You also will need to control the relay for the KISAE DMT-1250 input. There is a vehicle interface under the seat (right corner) that has low active sink, when the vehicle is in the Run State, it is pin 2 of this 8 pin connector. It is page 188 of the 2016 BEMM, this provides enough sink current for the relay, you would provide a 12 volt source for the other side of the coil. The proper thing to do would be purchase the mating connector, I generally have just tapped into using a posi-tap connector

I will try to fix up your drawing when I have a some more time.


-greg
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Old 10-17-2019, 11:36 AM   #6
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No Need to apologize, I really appreciate teh time you take to help sort things like this out.

Your comments about fusing make total sense, something felt off about it as I was drawing it up but I couldnt put my finger on it.

Would it be better to run a line directly from the output of the 1250 to the battery with a 60A fuse and then run a line from the battery to the distribution MBRF 3 block with the 120A fuse and only use 2 legs off the distribution for the blade fuse block and the inverter? That seems to avoid the 1ft limit you mention (though with my intended actual layout for this, being within that 1ft should be doable).

I am not sure how comfortable I am messing with the electrical system on a brand new van (and ours is the passenger van ... not sure if that makes a difference or not as I was reading in the manual you referenced and it seems to talk about up-fitting et c and I dont know if they changed anything in the cargo vans for up-fitters or if passenger vans had the same setups) so I might forgo the solenoid for now and just put a manual cutoff switch in (something like this). I am going to order the solenoid and talk to my local shop and see if they are familiar with wiring it in without messing anything up but both options will be on hand.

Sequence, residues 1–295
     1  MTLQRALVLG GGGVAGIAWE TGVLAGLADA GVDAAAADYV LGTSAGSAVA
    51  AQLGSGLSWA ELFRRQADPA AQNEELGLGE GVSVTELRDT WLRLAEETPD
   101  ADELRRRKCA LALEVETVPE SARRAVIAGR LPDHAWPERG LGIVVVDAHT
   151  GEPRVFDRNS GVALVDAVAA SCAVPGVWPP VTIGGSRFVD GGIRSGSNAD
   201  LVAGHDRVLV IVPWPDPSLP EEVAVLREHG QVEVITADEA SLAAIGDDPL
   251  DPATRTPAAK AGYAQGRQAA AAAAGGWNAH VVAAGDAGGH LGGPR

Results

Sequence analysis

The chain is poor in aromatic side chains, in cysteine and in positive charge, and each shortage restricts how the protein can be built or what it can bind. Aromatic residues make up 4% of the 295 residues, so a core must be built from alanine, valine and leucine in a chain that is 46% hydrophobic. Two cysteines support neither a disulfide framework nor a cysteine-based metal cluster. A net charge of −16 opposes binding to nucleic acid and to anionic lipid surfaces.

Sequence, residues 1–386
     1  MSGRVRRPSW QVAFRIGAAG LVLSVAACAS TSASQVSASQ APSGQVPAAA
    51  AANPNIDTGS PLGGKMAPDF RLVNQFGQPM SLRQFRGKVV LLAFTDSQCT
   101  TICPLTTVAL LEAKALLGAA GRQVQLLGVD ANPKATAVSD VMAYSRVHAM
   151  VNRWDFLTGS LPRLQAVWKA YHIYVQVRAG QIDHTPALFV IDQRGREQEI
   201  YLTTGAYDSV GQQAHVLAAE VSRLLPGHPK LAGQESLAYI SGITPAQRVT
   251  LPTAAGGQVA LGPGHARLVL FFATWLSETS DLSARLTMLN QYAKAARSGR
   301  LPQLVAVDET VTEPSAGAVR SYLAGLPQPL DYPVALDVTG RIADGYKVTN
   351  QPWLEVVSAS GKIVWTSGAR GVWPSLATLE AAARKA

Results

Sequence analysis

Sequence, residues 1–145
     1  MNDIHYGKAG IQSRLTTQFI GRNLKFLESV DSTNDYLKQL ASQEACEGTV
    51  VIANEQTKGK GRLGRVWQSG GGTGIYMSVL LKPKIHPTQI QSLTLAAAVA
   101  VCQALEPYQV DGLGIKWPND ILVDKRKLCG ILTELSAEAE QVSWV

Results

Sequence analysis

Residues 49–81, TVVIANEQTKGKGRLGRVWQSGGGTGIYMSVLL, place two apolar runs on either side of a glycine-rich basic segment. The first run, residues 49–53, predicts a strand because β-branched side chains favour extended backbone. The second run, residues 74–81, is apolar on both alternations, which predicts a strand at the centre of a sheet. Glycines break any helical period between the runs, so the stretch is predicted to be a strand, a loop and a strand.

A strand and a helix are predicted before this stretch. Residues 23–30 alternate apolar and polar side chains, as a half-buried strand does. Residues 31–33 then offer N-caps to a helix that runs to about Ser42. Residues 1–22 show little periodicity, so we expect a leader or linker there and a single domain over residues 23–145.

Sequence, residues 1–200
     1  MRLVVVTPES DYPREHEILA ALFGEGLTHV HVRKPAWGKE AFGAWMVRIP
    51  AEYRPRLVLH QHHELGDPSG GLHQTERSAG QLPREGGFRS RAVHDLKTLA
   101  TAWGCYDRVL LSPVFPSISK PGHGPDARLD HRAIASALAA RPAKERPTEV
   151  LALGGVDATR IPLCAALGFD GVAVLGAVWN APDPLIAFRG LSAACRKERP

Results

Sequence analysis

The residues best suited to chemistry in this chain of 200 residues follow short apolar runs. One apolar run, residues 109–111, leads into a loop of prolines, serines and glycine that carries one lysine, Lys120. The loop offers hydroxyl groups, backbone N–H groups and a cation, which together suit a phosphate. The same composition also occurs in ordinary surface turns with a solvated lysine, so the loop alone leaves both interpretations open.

I feel like I have a good handle on the items I will need and will likely get those ordered today and will continue to converse here to finalize the wiring itself to be sure I dont miss anything else.

Thanks again
Neil

EDIT:

Here is an updated picture to address a few of your comments and what I had in mind based on my question of running a line from the 1250 to the battery ... I will be addingin the SG200 as well but I didnt add it to the drawing

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Old 10-20-2019, 07:45 AM   #7
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Here are a couple of diagrams for your layout, one is where I would use the MRBF Block as a output fuse for the KISAE. The other one I added an additional MIDI fuse because the MRBF is located to far away.







I hope this helps explain it better.


-greg
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Old 10-20-2019, 09:11 AM   #8
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i know it happens a lot on this forum, and my education continues to broaden as I read threads like this - Very encouraging to see members partner in a build as you two have. Commendable & inspiring Scalf77.